Saturday, 13 November 2010

handy hints for travellers 14: being in hospital

Hope it doesn't happen to you; but here are my hints if you end up in a public hospital in Moscow. This, of course, is only my experience (and of one particular hospital and I think I was pretty lucky) so would appreciate any additional advice from others...

1. Bring your own cutlery - at the minimum a spoon. Most people had their own plates and cups also. Actually things seemed pretty clean, but I guess only 'washed up' rather than sterilised.

2. Food provided is low-level edible, but good to have extra supplies if possible. Otherwise there was always bread and a very weak, watery coffee available (see photo above).

3. Bring your own nightclothes and 'indoor slob' clothes (must be a better name, but I mean the relatively disreputable but very comfortable stuff most Russians - and me - wear indoors) .  I was stripped naked for surgery and felt quite lucky to be given a (temporary) nightgown when I woke up.

4. Remember your slippers - these are essential in any Russian indoor situation, but of course come into their own in hospital. One day I will get the etiquette of when to wear/when to remove, but not yet.

5. Expect few niceties. No curtains around bed, or privacy during examinations. Bed-sheets changed about once a week.


7. It is assumed you have family or friends who will help out, bring you treats etc. My surgeon asked crossly why my children were not there to help (though I don't see how that would have helped the language problem we were having at the time).

8. Valuables and clothes were 'signed in' before my operation; then taken to some distant and impregnable store. So don't do what I do. Keep your mobile phone and anything else you are going to need immediately after an operation with your clothes. It took me several days to find out how to collect my important stuff (permissions required and much signing of paperwork), that the store closes over the weekend and that I was required to stagger in my pyjamas across the whole hospital campus - a small town in its own right -  to personally collect them. I never again want to be stuck in hospital without a phone.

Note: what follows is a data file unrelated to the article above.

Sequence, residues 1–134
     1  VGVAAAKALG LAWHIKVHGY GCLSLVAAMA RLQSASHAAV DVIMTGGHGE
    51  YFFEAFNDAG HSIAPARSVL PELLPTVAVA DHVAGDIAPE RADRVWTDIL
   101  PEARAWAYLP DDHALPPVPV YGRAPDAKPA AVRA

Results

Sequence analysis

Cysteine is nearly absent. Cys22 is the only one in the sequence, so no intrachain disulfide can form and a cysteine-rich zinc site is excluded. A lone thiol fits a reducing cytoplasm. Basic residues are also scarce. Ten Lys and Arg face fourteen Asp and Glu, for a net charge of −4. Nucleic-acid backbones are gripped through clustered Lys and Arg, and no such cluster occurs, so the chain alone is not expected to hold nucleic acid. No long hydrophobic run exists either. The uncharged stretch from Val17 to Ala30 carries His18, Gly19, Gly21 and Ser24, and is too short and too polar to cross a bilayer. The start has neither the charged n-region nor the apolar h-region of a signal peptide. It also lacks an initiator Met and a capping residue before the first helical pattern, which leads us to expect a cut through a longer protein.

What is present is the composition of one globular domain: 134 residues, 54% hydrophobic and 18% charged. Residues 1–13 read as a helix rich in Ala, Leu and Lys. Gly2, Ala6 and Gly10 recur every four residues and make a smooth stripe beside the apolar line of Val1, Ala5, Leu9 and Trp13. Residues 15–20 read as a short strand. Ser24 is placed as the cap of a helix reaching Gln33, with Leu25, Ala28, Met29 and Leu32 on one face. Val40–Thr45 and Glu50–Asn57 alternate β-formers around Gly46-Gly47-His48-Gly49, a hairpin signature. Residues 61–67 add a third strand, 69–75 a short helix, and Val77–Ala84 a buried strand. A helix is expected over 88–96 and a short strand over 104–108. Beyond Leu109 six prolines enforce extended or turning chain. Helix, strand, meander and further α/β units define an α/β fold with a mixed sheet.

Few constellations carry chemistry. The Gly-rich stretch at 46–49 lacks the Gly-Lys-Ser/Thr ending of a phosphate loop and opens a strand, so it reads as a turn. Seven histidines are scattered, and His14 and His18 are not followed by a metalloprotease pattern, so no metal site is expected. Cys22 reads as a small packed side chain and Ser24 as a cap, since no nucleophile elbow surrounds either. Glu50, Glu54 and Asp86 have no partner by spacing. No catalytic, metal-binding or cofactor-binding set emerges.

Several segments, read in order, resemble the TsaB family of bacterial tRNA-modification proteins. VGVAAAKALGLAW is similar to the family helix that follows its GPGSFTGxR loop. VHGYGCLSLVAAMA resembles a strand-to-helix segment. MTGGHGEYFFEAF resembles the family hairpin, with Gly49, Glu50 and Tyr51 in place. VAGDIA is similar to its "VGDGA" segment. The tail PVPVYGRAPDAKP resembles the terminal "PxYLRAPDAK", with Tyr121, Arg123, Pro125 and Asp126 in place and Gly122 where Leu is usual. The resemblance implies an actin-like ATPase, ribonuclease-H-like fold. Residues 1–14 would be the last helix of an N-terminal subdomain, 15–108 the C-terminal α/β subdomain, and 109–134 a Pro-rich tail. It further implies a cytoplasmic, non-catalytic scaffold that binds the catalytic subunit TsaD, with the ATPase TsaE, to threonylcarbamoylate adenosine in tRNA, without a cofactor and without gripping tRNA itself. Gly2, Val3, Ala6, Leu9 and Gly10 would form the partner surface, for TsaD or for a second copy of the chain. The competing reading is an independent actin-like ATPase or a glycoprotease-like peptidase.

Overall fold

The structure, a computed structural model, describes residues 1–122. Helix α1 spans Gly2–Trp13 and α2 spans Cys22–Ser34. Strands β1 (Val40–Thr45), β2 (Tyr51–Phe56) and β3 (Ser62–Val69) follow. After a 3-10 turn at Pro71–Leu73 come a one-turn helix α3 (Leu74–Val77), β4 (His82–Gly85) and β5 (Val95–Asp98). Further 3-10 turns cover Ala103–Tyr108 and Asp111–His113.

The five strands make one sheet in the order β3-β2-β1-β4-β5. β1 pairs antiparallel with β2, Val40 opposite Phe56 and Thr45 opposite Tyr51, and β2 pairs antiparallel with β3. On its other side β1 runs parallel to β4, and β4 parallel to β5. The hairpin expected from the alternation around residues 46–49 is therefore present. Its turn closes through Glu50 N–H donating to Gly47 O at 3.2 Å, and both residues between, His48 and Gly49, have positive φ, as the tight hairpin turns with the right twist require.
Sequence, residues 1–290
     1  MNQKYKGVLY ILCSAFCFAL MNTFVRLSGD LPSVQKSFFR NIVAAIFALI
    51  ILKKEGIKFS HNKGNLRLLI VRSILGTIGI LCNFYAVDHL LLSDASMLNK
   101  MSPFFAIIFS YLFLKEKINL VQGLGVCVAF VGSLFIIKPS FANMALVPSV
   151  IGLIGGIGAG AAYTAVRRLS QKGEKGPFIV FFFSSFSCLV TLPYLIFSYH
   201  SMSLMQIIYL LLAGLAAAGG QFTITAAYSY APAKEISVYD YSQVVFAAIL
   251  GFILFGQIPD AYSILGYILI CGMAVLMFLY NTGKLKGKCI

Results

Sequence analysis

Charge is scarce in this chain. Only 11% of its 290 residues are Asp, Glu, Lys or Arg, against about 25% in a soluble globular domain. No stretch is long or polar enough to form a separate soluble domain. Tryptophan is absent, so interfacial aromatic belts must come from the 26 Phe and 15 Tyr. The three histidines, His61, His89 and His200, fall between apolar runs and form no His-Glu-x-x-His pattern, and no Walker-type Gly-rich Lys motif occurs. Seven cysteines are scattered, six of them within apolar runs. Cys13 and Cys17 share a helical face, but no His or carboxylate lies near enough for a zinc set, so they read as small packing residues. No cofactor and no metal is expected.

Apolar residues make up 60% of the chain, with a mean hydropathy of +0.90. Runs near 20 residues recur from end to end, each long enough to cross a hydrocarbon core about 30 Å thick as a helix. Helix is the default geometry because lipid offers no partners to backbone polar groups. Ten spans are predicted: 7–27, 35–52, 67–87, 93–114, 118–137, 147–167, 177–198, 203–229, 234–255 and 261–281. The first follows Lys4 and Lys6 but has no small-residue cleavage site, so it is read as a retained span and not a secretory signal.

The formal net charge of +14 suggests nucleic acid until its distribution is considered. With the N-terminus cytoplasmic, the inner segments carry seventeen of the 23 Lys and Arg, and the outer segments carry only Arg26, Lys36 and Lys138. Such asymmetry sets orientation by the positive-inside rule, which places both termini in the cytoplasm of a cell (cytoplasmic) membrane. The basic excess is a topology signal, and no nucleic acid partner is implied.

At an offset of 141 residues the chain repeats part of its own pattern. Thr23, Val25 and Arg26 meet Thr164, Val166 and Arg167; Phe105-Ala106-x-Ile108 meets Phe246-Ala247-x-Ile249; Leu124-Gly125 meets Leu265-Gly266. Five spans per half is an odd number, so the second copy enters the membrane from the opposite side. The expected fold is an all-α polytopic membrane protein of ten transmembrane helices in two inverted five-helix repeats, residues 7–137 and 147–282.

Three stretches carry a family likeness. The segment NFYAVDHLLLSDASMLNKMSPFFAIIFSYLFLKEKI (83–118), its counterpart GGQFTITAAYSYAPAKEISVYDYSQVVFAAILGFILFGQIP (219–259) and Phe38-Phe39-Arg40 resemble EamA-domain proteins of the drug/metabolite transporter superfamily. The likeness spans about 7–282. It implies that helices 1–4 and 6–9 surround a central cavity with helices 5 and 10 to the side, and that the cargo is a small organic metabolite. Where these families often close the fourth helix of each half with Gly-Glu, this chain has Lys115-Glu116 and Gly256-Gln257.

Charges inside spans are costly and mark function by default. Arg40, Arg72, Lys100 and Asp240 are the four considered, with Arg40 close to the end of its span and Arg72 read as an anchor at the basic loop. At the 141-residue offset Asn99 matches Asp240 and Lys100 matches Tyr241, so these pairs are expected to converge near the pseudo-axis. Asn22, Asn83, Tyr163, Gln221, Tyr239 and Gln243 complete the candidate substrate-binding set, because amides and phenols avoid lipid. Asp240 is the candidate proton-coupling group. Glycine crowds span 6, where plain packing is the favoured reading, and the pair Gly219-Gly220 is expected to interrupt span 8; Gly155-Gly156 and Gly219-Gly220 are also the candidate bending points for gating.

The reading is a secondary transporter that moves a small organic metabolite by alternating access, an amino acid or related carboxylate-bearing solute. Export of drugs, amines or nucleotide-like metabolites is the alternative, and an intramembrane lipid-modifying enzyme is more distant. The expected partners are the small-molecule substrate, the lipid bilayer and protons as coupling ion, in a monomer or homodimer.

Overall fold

9. Most doctors and nurses will expect some form of tip, with varying degrees of effect on the quality of services provided. I have no idea about amounts, as this was done for me. It certainly relates to the fact that surgeons and doctors seem to be paid below the average wage for Moscow. I couldn't find accurate figures for 2010, but in 2008 doctors in polyclinics were getting 20,000 rubles a month (400 pounds or US$826).

10. The word больно (which I pronounce bolnoi) - meaning (it) hurts-  was very useful when I was prodded, along with saying OY, which is the Russian version of OUCH.

1 comment:

  1. Hello Accidental Moscovite, and Accidental Patient...

    Often Russian bureaucracy requires 'in person' when it doesn't seem necessary.

    I've been in around 10 hospitals in the Rus Fed since 2000. My cardiac surgeons expected extra money but doctors and nurses were content with a jar of coffee or a large chocolate bar. A surgery resident who treated and helped me for some months refused even some money for a few meals at a restaurant.

    I like your list. Here's hoping you mend quickly and feel better fast!